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Concomitant PPI and antiplatelet therapy appropriate when based on risk assessment

Reuters Health • The Doctor's Channel Daily Newscast

NEW YORK (Reuters Health) – Updated guidelines compiled by an expert panel of cardiologists and gastroenterologists address the issue of a possible drug interaction between proton pump inhibitors and thienopyridine antiplatelet agents, and recommend the combination when it’s medically necessary.

“Clinical decisions regarding concomitant use of PPIs and thienopyridines must balance overall risks and benefits, considering both CV and GI complications,” according to the consensus statement published online in the Journal of the American College of Cardiology. It’s also co-published in the American Journal of Gastroenterology and in Circulation.

The goal of the panel was “to provide clinicians with a pragmatic evidence-based approach for safer prescribing of antiplatelet drugs, especially among patients in whom the risk-benefit ratio requires a careful assessment,” Dr. Neena S. Abraham, of Baylor College of Medicine and the Chair of the writing committee, said in a statement.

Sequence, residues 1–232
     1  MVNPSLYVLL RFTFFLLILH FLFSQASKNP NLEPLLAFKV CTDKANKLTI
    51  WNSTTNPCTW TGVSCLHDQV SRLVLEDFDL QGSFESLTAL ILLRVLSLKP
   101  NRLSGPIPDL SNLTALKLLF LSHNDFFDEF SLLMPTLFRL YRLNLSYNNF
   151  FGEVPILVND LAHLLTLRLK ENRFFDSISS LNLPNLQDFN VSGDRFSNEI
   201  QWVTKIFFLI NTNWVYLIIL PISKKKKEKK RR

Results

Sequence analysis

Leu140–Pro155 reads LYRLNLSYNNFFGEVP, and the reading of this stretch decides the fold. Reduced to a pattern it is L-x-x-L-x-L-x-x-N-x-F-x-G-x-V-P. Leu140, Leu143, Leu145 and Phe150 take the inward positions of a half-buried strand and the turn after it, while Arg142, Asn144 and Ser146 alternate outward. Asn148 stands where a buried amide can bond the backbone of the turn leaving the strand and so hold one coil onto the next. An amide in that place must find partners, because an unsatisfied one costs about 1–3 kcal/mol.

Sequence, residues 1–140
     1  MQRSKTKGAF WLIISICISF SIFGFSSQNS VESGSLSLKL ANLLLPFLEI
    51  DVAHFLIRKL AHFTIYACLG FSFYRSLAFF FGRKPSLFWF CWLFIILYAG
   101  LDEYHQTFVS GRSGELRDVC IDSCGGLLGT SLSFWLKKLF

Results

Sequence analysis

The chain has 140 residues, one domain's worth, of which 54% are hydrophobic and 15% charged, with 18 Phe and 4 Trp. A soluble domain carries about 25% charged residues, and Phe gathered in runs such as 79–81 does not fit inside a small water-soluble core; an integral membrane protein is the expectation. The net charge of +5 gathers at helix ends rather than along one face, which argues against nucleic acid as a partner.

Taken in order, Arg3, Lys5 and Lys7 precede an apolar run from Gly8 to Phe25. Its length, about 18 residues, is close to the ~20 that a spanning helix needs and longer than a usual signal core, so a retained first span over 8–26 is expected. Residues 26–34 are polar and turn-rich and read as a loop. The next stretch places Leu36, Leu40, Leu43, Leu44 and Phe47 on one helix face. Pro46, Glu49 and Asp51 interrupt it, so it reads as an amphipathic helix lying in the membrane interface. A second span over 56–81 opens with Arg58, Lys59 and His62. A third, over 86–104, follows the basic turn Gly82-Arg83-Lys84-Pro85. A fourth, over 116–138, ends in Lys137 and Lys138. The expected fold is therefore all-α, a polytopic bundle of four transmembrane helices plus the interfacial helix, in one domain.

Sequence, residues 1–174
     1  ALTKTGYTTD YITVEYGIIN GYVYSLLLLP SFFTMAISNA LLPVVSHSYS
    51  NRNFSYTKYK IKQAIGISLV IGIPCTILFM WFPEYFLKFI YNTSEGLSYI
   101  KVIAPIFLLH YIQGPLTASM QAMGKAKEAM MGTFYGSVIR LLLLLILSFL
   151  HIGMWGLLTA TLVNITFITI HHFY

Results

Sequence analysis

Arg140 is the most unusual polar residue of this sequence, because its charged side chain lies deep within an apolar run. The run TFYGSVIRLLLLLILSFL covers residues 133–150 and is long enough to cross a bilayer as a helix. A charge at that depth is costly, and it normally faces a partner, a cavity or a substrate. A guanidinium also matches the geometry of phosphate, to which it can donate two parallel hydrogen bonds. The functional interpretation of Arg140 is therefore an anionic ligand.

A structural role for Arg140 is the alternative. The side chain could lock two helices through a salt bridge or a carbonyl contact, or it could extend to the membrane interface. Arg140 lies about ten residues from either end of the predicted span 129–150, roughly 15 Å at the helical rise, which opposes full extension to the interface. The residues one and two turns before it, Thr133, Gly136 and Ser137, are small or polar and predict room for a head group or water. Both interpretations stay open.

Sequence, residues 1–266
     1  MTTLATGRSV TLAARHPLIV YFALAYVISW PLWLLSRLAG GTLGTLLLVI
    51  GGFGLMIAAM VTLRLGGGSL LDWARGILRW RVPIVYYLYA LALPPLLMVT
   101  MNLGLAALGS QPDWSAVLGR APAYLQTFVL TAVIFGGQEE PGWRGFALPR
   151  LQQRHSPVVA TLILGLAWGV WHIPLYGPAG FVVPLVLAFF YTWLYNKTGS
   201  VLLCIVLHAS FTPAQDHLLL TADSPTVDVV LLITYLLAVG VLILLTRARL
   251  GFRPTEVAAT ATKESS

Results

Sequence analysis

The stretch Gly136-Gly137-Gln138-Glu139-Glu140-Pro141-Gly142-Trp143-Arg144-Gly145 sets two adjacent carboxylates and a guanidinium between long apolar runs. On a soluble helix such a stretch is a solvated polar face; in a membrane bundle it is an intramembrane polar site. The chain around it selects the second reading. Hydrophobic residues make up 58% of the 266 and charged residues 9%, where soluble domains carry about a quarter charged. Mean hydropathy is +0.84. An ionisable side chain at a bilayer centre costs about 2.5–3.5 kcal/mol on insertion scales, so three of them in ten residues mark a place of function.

The organizations’ guidelines issued in 2008 recommended simultaneous prescription of a PPI with antiplatelet therapy in high-risk patients. “The flurry of conflicting data published following the 2008 Expert Consensus Document left many practitioners confused,” Dr. Abraham commented. “However, much of the published data used results of platelet function tests as surrogate markers of cardiovascular risk.”

The consensus statement says that it has not been established that changes in these surrogate endpoints represent clinically meaningful differences.

It continues, “PPIs are prescribed together with antiplatelet drugs for one reason – to reduce the increased risk of GI complications caused by antiplatelet drugs.”

The recommendations indicate that “PPIs are appropriate in patients with multiple risk factors for GI bleeding who require antiplatelet therapy.” On the other hand, PPIs are not recommended “for patients at lower risk of upper GI bleeding, who have much less potential to benefit from prophylactic therapy.”

Nonetheless, the panel notes that there are “many gaps in knowledge” about these issues. The authors call for clinical trials of strategies to reduce the risk of GI bleeding in patients with cardiovascular disease on antiplatelet therapy.

“Finally,” they add, “we need to evaluate the effect on clinical outcomes of dosing schedules that minimize simultaneous exposure to high levels of a PPI and a thienopyridine.”

J Am Coll Cardiol 2010;56.